Summary: God gives us second chances

A Second Chance

Psalm 18:6, 16-17 John 8:11b Luke 13:1-9

If someone had asked you…before you just saw that clip, “What do Noah, Moses, Rahab, David, Solomon, Jonah, Peter & Paul all have in common?”….what would you have said? My guess is that many of you would have said, “They are all people in the Bible”. And that would be true…they are. But more importantly, “What do they have in common with you?” (and you, and you and every single person in worship this morning) What they all have in common with one another and with every other character in the Bible, and what they have in common with you is that they all blew it in a big way. They all screwed up. They all disappointed God. They all made bad choices. They all failed at life more than once.

But what they also all have in common is that God gave them a second chance…in fact, God gave them many chances to get life right. He gave them lots of “Do Overs” and lots of grace.

Now, I don’t know where we got the image of God being an angry old man with a long beard, watching our every move, just looking for a chance to smack us down; a mean spirited ogre eager to find a reason to punish us, but it didn’t come from the Bible. Throughout the Bible, its pages shout out to anyone who will listen that, God is all about second chances. God is forever looking for opportunities to bless and forgive and to make something beautiful of the mess people make of their lives…including yours and mine.

That’s what this parable we just read is saying. Jesus is responding to those in the crowd who thought God had punished people; had them killed, in fact, because they had done something wrong. They thought God was out to get sinners every chance He got and so if someone was to commit a sin, it was “game over”. And in response, Jesus told this parable that teaches four important principles every person should know.

1. We are made and meant for good things. In fact, the Bible declares that human beings are the crown of creation, God’s masterpiece, created in God’s own image. You and me, we were not made for mundane or for mediocrity. We were not made for insignificance or failure. God made you and every other human being for greatness because He loves you…He loves us. And somewhere deep down in our spirit, each of us knows that. Every one of us knows that whoever we are, wherever we are in life, and however we are, that we long to be more than we are. We intuitively sense that we are made for more than who, how and where we are.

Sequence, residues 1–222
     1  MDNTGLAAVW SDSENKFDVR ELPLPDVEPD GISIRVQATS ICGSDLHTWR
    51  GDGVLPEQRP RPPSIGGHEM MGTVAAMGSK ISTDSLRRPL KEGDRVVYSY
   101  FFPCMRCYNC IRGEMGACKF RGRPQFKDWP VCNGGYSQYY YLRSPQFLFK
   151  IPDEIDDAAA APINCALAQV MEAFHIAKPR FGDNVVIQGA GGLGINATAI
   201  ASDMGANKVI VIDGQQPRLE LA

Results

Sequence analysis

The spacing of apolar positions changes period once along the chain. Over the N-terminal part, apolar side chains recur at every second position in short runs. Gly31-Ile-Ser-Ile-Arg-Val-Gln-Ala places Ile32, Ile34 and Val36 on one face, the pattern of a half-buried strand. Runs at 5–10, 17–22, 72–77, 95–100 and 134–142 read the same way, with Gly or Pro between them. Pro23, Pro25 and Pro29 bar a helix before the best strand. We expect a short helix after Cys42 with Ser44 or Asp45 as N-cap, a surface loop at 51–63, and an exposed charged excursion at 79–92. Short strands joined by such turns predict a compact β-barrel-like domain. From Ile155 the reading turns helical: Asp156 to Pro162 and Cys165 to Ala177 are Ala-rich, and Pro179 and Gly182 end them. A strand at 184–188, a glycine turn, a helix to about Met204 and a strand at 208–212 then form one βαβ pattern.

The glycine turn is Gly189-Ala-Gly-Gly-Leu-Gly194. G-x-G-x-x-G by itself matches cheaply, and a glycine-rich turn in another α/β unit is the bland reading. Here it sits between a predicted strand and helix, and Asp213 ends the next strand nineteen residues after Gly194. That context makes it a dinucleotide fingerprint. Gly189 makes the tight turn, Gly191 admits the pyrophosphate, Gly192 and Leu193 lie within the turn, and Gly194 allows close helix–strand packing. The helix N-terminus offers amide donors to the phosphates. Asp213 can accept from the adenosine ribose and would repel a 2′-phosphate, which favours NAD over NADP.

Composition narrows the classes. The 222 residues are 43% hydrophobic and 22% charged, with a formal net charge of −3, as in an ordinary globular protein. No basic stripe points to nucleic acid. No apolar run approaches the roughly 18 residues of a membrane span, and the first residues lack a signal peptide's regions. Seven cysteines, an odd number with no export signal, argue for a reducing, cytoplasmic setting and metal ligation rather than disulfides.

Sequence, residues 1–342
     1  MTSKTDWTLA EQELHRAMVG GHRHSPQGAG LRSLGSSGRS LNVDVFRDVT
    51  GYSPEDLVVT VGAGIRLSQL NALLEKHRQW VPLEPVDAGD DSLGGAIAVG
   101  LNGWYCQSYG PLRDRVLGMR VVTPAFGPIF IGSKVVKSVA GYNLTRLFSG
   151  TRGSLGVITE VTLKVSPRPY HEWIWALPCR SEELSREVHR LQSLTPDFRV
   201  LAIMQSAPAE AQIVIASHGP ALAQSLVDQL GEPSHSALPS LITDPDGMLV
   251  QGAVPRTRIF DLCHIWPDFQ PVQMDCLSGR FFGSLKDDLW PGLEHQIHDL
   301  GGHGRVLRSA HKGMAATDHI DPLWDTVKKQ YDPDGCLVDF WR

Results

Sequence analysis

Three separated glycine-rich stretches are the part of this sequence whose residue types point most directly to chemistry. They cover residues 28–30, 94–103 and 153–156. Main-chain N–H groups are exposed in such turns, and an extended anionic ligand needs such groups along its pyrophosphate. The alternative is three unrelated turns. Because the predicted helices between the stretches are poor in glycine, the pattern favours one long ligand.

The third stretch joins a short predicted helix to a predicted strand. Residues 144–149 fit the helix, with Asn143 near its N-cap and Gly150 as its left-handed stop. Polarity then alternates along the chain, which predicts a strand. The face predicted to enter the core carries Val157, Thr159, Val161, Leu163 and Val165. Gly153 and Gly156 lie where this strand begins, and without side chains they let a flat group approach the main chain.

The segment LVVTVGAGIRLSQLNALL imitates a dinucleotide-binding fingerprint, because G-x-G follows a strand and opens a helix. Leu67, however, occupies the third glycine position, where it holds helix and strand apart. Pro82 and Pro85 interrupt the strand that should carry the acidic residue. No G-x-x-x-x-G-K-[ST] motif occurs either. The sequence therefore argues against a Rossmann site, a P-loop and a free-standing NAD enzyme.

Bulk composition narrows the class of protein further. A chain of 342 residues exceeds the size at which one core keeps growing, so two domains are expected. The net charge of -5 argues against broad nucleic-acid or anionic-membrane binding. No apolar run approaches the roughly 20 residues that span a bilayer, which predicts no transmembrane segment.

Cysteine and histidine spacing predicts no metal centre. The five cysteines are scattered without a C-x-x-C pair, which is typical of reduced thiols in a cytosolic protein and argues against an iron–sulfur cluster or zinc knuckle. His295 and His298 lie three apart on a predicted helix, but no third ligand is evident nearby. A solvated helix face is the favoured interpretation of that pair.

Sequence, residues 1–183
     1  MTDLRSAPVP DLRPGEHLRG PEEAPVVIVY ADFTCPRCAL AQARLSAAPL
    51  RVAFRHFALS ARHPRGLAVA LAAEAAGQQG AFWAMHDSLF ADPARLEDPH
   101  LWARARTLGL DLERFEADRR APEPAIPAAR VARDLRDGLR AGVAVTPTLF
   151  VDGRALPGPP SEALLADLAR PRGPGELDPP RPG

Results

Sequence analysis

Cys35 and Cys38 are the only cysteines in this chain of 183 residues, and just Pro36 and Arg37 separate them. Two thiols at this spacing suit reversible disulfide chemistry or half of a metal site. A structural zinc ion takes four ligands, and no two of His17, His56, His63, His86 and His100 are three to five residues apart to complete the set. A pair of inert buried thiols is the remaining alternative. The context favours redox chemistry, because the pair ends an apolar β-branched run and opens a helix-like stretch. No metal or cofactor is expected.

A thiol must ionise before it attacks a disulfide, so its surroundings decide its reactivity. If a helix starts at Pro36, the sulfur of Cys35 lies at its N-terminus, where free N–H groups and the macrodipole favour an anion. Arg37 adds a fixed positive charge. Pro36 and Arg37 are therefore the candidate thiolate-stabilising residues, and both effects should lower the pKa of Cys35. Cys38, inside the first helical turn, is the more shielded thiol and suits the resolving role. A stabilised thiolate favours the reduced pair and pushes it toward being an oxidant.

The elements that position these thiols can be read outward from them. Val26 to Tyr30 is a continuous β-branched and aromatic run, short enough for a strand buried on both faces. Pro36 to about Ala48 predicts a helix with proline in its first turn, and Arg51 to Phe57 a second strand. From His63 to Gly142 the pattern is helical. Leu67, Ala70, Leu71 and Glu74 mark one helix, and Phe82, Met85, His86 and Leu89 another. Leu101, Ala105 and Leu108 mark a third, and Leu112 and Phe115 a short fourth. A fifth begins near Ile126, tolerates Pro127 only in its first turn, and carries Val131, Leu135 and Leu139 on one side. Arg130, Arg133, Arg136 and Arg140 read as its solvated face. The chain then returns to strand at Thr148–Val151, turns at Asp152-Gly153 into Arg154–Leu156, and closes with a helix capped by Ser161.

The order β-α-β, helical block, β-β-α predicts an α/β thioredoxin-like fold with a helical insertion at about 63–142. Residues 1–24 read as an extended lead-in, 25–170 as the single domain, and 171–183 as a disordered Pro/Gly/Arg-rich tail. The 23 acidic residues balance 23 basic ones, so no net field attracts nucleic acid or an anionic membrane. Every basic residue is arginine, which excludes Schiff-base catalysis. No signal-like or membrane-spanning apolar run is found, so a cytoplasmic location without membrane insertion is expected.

The tree in the parable is a beautiful tree that was MADE to bear fruit, to do something great, to bear blessings. But up to that point in its life, it had failed to do anything worthwhile. It hadn’t been productive. It hadn’t fulfilled its God-given potential or purpose. Just leaves and branches…no fruit. Its life had been barren and empty. It was made for more than that.

And if you’ll notice, the tree does not belong to itself. It belongs to the One who gave it life…who planted it. Same is true of you and me. I Corinthians says that you and me, we were bought with a price by Jesus. That’s what the cross is about. Jesus paying the price for our sin and offering us life in exchange for the death that sin brings. So in the same way that the tree belongs to the one who planted it and gave IT life, every Believer belongs to Christ, who gives life to everyone who turns to Him.

What about your life? Did you know that you were made for good things? To do good things…even great things? Do you know that God expects us to bear good fruit and to produce blessings for others? What’s the harvest look like in your life? If the Gardner came to you this morning, would He find any fruit in your life? Are you all that God created you to be? Does your life reflect the image of God?

2. No Body’s Perfect That’s not an excuse, but it IS a reality. The Bible says that “Everyone falls short of God’s perfect plan for our lives.” It says that we all screw up. We all make mistakes. We all blow it from time to time. In other words, we are all sinners. That’s easy enough to see in everyone else…their imperfections..their mistakes…their sin. But we know in our hearts that we’re not perfect either, but we sure don’t want to admit it to anyone else, do we? And when we DO recognize that WE aren’t perfect either, that we’ve blown it, that we are sinners just like everyone else, we convince ourselves that other folks are worse sinners than we are OR we think that no one is a bigger sinner than me. That no one has screwed up and made bigger mistakes than they have.

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